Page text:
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This time we present two different cases of calves with granulomatous lesions in lymph nodes, in both cases the same etiological agent could be isolated. Can you guess which one?

Unilateral pyogranulomatous lesion in the retropharyngeal lymph node of a 12-month-old Friesian calf.

 

Mineralized lesions in the left tracheobronchial lymph node of a 14-month-old crossbred calf.

 

What is your diagnosis? (86)

%%RATING%%

Microscopically, the lesions did not rule out tuberculosis as they consisted of areas of necrosis, with mineralization and with the presence of inflammatory infiltrate rich in neutrophilic polymorphonuclear leukocytes but also macrophages and multinucleated giant cells. Ziehl Neelsen's staining gave a negative result. PCR to detect genome of the M.tuberculosis complex also tested negative. However, abundant colonies of bacteria compatible with Rhodococcus equii could be isolated from standard microbiological culture. In these cases it is ALWAYS necessary to carry out laboratory analyzes to differentiate them from tuberculosis. A propper anatomopathological and microbiological diagnosis will rule out the suspicion of tuberculosis on the farm and maintain the rating without having to wait for a negative result from the culture of mycobacteria, which usually lasts takes longer.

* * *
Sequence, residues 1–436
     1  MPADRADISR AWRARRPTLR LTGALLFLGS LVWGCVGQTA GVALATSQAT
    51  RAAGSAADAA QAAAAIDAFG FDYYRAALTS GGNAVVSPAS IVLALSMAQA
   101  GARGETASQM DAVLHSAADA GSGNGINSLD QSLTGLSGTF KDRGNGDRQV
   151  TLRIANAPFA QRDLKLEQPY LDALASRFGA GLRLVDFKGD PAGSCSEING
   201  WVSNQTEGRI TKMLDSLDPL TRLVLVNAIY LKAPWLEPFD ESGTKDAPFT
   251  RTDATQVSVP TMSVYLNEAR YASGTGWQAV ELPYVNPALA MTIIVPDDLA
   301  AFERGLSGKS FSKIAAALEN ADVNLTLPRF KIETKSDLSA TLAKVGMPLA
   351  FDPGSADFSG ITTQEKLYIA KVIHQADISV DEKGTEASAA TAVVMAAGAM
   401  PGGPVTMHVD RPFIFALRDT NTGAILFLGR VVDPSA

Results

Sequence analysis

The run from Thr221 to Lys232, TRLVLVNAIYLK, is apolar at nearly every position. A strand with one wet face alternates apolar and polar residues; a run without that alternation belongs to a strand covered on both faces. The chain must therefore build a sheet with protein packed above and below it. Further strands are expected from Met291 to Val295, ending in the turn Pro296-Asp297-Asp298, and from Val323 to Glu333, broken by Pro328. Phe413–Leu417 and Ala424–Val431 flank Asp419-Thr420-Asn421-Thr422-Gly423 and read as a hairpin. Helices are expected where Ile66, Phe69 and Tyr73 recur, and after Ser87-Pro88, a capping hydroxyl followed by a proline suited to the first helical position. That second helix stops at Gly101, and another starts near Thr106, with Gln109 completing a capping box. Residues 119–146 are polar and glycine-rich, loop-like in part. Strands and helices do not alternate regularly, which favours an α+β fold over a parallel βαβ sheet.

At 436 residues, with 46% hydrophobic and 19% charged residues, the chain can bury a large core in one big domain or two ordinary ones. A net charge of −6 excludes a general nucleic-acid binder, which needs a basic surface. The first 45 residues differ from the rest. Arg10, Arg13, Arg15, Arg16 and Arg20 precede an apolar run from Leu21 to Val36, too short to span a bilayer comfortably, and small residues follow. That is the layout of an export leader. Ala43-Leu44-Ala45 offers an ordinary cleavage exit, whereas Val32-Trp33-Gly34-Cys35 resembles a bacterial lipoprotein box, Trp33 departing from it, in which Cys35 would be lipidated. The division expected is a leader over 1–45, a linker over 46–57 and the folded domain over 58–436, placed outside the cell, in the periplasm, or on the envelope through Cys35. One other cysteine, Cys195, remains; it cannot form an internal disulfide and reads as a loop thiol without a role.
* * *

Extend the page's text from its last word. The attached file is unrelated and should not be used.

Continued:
Microbiological culture allowed pure isolation of Rhodococcus equii.


Your answers are highlighted below.
Question 1
Which ethioligcal agent was cultured from these lesions?
A
Nocardia spp.
B
Mycobacterium caprae
C
Mycobacterium bovis
D
Corynebacterium pseudotuberculosis
E
Rhodococcus equii
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